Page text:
3 kids

Happiness is:

 First icecream for the Ginger Biscuit:
gb icecream

Farmboy and a whole field of boats:



Big machinery:


And little machinery:

Happiness is brothers and sisters:
fb gb 2
  fb gb laughs 3   

gb laugh 1

Happiness isn't...
Ben, on leash for the first time:


And so, on to Ballidu for the State Champs…


Sunday, August 22, 2010

And still more babies!

Baby dogs this time.

It’s always hard when pups go to new homes. Even when you know they’re going to an excellent home, even when you’ll be getting updates and the chance to see them in their working career, watching them go out into the big wide world in someone else’s arms chokes you up a little… Just a very little when you’ve spent weeks fighting off puppy claws and teeth and your garden looks like a war zone. In fact, in that situation it’s less a “choke” in your throat than a tickle .

And sometimes that tickle even turns into a bit of a chuckle. Perhaps, depending on the pups, a fully fledged laugh.
But generally there’s a wistful feeling there too.

 That’s particularly true when you’re trying to decide which pup should stay on as your next prospect. And when the two pups you have to choose between are both absolute crackers.



That was R’s dilemma this week, and that’s how he came to give Ben and Kevin a quick look at sheep- they’re really too young, we’d normally wait until they’re a bit bigger, but it seemed a better idea than eenie-meenie-miney-mo. Really, choosing a pup based on their behaviour on sheep at 10 weeks old is about as scientific as eenie-meenie- based on their breeding, they should all work and a later starter might well turn out to be the best dog. But a decision had to be made, and that’s how R made it.

 So Kev has followed his litter sisters away to a new home (scattered around the state from Coorow to Ravensthorpe), and Ben will stay here. He won’t do much more on sheep until he’s significantly bigger, at least big enough to be faster than the sheep.

 Speaking of faster than sheep (and more rambunctious and unruly), the Black Pups also had a look at sheep this week. Surprisingly, they aren’t that big though. Huh!

Boss (tan leather collar), Alfie (purple collar) and our lad Ollie (red collar):

Saturday, August 21, 2010

On the subject of babies…


We’ve finished lamb marking. It took R and the team a week, give or take a day or two, up to two thousand a day, and they’re all done. So now we stand a chance of being able to make Dowerin trial next week!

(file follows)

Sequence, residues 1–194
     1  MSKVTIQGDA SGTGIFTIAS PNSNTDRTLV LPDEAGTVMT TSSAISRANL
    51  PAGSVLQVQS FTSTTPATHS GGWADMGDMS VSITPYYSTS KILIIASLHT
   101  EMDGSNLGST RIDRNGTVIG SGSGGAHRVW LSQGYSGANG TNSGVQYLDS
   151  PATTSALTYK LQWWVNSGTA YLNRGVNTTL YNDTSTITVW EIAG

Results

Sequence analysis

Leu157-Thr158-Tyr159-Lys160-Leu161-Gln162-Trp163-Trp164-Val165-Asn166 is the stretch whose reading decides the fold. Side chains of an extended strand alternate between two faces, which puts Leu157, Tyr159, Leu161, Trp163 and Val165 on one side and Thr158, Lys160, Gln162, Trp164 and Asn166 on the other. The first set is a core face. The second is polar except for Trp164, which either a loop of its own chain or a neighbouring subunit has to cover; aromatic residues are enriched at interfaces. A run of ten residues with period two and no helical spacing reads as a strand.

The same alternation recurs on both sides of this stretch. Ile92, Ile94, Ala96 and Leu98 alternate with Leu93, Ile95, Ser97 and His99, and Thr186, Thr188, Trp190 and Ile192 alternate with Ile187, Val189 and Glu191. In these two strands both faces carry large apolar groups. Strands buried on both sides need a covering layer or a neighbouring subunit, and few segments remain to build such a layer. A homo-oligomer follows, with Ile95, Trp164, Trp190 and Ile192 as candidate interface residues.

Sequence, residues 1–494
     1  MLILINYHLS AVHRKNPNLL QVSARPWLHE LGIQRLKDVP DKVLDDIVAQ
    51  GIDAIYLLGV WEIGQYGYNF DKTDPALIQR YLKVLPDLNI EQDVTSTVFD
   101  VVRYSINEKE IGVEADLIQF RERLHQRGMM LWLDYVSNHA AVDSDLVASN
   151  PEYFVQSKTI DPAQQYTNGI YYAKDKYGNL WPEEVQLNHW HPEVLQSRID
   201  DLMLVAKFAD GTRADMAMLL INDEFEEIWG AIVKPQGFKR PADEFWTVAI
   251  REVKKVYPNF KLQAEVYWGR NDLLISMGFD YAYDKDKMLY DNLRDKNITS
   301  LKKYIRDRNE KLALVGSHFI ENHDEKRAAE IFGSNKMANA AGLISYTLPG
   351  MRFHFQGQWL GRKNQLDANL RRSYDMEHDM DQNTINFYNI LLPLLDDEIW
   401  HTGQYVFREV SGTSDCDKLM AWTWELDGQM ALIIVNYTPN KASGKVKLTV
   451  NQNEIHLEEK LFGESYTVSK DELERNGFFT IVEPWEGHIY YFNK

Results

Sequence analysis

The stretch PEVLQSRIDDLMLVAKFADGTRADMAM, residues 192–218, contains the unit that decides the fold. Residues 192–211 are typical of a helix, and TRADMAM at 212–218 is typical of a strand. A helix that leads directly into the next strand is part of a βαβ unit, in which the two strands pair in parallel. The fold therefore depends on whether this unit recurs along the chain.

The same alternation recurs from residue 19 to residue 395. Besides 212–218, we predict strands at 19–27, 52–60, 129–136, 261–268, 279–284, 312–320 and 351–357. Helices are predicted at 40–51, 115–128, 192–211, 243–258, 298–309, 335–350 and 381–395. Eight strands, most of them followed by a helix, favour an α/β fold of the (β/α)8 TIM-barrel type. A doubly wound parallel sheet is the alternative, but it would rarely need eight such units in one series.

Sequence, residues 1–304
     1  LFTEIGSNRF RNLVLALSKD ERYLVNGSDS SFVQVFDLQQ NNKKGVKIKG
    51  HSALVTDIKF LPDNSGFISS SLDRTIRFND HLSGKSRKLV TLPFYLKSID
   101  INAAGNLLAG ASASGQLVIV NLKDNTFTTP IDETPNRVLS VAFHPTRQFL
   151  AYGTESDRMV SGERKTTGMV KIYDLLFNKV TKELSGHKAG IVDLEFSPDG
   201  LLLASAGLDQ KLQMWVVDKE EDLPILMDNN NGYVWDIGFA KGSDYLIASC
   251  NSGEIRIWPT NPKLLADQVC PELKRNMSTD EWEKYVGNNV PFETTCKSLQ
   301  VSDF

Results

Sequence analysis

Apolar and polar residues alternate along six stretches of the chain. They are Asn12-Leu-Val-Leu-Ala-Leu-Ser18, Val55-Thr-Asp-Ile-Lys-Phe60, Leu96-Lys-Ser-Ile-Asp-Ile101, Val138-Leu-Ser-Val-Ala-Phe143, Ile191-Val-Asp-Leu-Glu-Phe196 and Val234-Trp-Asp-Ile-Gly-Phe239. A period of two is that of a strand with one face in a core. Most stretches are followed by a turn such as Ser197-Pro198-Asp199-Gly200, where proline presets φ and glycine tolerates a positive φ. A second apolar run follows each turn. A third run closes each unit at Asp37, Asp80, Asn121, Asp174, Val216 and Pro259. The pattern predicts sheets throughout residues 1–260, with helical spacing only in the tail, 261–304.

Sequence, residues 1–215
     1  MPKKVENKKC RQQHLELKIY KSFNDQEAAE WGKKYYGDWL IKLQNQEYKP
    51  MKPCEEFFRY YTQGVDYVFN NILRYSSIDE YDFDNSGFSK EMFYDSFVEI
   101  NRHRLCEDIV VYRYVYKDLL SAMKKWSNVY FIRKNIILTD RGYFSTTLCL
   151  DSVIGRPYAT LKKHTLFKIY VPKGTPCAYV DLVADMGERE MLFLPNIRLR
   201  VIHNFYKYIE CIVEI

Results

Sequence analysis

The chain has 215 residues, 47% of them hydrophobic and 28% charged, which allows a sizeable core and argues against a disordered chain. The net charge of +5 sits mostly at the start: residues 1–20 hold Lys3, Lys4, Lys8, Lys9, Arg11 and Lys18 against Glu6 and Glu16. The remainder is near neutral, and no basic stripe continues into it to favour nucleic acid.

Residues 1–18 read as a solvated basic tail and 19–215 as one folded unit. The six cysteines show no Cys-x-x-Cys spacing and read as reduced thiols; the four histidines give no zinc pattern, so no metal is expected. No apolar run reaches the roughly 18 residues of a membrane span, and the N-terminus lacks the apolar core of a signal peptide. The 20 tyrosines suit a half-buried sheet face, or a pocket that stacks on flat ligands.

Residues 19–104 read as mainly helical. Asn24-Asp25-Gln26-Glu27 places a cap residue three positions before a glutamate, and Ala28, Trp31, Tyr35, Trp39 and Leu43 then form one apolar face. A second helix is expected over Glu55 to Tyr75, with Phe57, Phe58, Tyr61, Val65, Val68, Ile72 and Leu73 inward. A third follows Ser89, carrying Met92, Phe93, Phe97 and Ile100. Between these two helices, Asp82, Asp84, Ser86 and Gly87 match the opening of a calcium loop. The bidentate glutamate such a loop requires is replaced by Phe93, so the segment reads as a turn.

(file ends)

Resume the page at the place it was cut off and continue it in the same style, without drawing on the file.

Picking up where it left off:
There’s nothing like moving mobs of ewes and lambs to cause hair-pulling, voice-raising, sanity-shredding frustration. But this year I resolved to remain Zen about the whole thing, to only take dogs with half an idea what they’re doing, and to go at lamb pace, no matter what the rest of the family say. It worked reasonably well most of the time.

The Team- Bill and Queani
bill q mirror
The Opposition- Ewes and Lambs
ewes lane

It’s surprisingly difficult to film and work sheep simultaneously. I always get lots of quick cuts to my boots, the grass, my boots tripping over the grass, and the underside of the Special New Ute as I drop the camera climbing back in. Here’s a little clip of sheepwork- Queani casting and bringing the mob down the paddock… she's the little black dot you can see behind the sheep if you hunch up by the screen and squint.  And here’s Bill deliberately misinterpreting my request to “Load back up on the ute, Bill!”- “Back? Did you say ‘Back’? Of course I can Go Back!”. He's the big black lunk leaping around in the foreground.

There’s always one, isn’t there?
lamb fence

bill sheep
bill 2

queani sheep
queani ute

One thing about lambs is that they like to climb things. Regardless of the situation, if there are lambs about, they will be climbing on something. Much like small children, really.

One lamb.
lamb rock

Two lambs.
2 lambs rock

Many lambs.
lambs log

My favourite flavour- ginger lambs!
ginger lambs

And just in case that wasn’t enough lamb action for you, towards the end of the week I took my camera along for another lamb-venture, moving a mob along a couple of kilometres of roadway to the yards for tailing the next morning. 

Some dubiously fenced crops and creekline along the way, one man with a deadline and an aching ankle, one woman who kept stopping to take photos and remind the man about “the Zen of sheepwork” and how to make more speed, less haste, a couple of hungry human children in the ute, the sun beginning to set…

Family bonding time at its best!

  sheep road web compress
sheep road